As 2011 began, we expected it to be a flattish year of volatility, frustrating bulls and bears alike—a “pause that refreshed.” As the new year begins, we’re past the pause and expect the bull market to resume with gusto.
Steep volatility and overall flattish broad market returns in 2011 helped shake out positive sentiment—leaving sentiment seemingly more uniformly dour now. Headlines fret tapped-out consumers, sovereign debt, a Chinese hard landing, political wrangling, too much stimulus, too little stimulus, etc. In our view, this is a bullish feature, providing stocks a wall of worry to climb.
And beyond just sentiment, there are ample underappreciated positives. The global economy is growing and should continue to do so. Emerging Markets, particularly emerging Asia, should be a bright spot. Firms are lean, healthy and growing—we expect to see continued profit and revenue growth. We think this all provides equities a strong tailwind.
Another bullish feature is, in this election year, America either reelects a Democrat or newly elects a Republican. Historically, either outcome has generated strong equity returns on average in election years—which ideologues from either party will find hard to fathom.
That’s not to dismiss the challenges global markets and economies face this year—primarily continued European difficulties (as we’ve already seen). The current prevalent concern is Italy—which represents about 59% of the PIIGS debt that must be rolled over this year. But clarity will come soon as Italy has key debt auctions early in the year—almost half of its 2012 debt auctions occur in February, March and April. Very early auctions have already gone fine—better than expected. Overall, we think results will best doomsday expectations.
While many are focused on the risk of an unexpected PIIGS default (a low likelihood in our view), we see attempts to “fix" sovereign debt woes by quickly and radically implementing new regulatory and/or accounting schemes as a greater risk. However, thus far, European officials and politicians have largely continued kicking cans down the road—a response that seems largely appropriate to us. Continuing in that manner also allows the private sector time to find solutions (and as frequent readers will know, our preference is for private sector as opposed to government-derived solutions).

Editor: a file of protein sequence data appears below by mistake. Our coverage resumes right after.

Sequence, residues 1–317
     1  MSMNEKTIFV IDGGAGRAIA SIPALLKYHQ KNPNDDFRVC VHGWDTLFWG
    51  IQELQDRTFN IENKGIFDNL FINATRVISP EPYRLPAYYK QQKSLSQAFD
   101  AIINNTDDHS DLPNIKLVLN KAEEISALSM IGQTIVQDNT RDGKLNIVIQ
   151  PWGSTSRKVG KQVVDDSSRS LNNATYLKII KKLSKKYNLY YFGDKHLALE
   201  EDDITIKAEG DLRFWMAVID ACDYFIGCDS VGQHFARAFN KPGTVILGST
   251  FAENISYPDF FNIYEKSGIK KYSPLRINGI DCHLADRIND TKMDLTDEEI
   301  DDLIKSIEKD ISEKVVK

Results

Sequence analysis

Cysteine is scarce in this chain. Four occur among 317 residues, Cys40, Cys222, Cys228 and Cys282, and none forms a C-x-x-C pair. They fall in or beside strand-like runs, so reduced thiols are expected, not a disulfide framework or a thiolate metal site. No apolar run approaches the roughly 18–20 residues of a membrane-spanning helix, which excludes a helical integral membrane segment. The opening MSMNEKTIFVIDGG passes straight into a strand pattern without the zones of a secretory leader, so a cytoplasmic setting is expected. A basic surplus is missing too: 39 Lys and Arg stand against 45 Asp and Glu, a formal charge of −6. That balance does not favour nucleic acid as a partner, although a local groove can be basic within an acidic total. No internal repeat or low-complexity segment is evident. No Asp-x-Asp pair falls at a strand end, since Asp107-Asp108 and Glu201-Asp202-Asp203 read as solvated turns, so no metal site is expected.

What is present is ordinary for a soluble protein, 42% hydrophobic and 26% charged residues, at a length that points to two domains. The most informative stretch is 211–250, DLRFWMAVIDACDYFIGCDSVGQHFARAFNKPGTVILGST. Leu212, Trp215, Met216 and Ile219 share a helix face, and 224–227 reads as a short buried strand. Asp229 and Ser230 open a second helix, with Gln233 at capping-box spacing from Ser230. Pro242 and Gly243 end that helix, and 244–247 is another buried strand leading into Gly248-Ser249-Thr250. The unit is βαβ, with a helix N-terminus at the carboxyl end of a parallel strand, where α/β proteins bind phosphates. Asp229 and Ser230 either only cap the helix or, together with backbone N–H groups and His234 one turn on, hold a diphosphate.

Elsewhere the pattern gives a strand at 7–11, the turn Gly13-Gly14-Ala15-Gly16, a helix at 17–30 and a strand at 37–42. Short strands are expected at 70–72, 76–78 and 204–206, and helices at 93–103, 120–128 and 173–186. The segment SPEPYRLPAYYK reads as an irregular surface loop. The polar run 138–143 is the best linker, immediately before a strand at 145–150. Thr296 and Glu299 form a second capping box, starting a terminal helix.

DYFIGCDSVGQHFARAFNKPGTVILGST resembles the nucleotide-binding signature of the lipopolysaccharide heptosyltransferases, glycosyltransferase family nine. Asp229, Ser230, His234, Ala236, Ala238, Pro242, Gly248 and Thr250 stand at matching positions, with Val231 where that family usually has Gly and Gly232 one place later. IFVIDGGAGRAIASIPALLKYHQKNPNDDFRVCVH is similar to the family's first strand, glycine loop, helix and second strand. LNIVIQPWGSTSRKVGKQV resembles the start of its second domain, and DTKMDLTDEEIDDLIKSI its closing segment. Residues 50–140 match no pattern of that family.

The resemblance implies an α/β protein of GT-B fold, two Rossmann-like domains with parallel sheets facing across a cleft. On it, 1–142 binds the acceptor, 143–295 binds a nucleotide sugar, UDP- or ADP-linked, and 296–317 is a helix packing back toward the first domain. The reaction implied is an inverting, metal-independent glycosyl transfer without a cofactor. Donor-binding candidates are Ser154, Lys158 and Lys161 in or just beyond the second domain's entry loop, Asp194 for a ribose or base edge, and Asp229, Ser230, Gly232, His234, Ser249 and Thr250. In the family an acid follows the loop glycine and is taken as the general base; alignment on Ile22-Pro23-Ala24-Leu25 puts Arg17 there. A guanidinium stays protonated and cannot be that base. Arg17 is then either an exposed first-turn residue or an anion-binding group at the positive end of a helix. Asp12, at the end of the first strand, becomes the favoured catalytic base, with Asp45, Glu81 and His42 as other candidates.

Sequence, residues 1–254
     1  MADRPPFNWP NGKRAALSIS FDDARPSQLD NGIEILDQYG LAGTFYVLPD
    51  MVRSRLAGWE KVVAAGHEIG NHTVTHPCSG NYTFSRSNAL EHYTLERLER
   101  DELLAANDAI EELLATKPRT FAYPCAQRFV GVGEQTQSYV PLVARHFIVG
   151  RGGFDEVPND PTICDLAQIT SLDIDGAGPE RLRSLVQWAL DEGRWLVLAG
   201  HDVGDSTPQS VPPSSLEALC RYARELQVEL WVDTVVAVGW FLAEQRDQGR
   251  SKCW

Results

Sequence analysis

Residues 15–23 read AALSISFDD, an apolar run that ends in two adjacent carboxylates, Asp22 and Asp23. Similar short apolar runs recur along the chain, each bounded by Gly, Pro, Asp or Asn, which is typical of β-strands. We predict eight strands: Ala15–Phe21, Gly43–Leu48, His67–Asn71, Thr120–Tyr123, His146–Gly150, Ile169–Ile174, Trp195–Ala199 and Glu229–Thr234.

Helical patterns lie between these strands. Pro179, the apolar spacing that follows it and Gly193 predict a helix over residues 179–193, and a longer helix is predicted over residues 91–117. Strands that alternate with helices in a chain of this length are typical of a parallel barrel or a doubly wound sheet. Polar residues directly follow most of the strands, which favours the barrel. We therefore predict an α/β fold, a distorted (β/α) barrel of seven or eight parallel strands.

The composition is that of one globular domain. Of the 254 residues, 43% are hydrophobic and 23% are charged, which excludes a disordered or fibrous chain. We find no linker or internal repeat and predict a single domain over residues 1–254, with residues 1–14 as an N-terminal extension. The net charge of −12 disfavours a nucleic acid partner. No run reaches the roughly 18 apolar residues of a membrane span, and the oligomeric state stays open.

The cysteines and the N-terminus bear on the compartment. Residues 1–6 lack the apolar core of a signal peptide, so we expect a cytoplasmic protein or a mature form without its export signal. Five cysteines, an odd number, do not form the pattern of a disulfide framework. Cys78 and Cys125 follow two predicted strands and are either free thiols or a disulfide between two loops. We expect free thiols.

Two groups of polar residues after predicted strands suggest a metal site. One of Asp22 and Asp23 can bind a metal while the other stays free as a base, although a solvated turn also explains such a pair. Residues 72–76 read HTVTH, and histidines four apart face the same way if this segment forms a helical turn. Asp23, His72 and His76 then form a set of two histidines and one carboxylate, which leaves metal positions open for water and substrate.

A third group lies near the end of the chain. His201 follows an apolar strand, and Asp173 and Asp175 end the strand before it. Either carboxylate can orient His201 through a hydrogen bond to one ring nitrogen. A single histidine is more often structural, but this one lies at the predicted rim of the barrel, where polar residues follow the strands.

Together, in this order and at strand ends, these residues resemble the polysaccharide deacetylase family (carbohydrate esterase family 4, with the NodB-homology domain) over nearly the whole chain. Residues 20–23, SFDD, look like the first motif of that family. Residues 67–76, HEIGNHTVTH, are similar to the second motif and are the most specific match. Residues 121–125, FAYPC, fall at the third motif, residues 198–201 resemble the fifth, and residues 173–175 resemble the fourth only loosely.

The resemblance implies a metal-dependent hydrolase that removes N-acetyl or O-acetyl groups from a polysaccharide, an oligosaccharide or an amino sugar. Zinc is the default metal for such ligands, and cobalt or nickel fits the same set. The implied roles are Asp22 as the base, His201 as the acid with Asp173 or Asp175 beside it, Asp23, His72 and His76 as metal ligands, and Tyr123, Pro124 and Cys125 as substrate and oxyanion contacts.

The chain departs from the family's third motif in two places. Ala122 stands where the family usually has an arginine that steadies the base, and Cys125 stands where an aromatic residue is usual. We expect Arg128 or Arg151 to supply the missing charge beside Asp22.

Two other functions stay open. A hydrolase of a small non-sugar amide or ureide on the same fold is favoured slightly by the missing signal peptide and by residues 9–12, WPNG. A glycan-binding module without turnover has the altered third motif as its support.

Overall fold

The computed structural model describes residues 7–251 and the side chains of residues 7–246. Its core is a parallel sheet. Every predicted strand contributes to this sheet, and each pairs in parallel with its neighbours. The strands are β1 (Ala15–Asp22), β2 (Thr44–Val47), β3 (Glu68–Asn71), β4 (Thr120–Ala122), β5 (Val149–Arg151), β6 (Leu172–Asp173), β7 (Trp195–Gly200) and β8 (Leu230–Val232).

Furthermore, history shows a region even as large as the eurozone can be overall weak and the rest of the world fine—not only that, but it seems likely eurozone weakness continues to be concentrated primarily in those countries already known to be struggling (namely, the PIIGS). One final eurozone point: This year marks the third in which eurozone news has dominated headlines. But positive or negative, sentiment surrounding any single issue typically eventually spends itself. And for that reason, we think it likely eurozone sentiment improves this year.
Overall, we anticipate 2012 to feature strong equity returns, particularly in economically sensitive areas—as the bull market continues climbing the proverbial wall of worry and now long-in-the-tooth fears prove to pack less punch.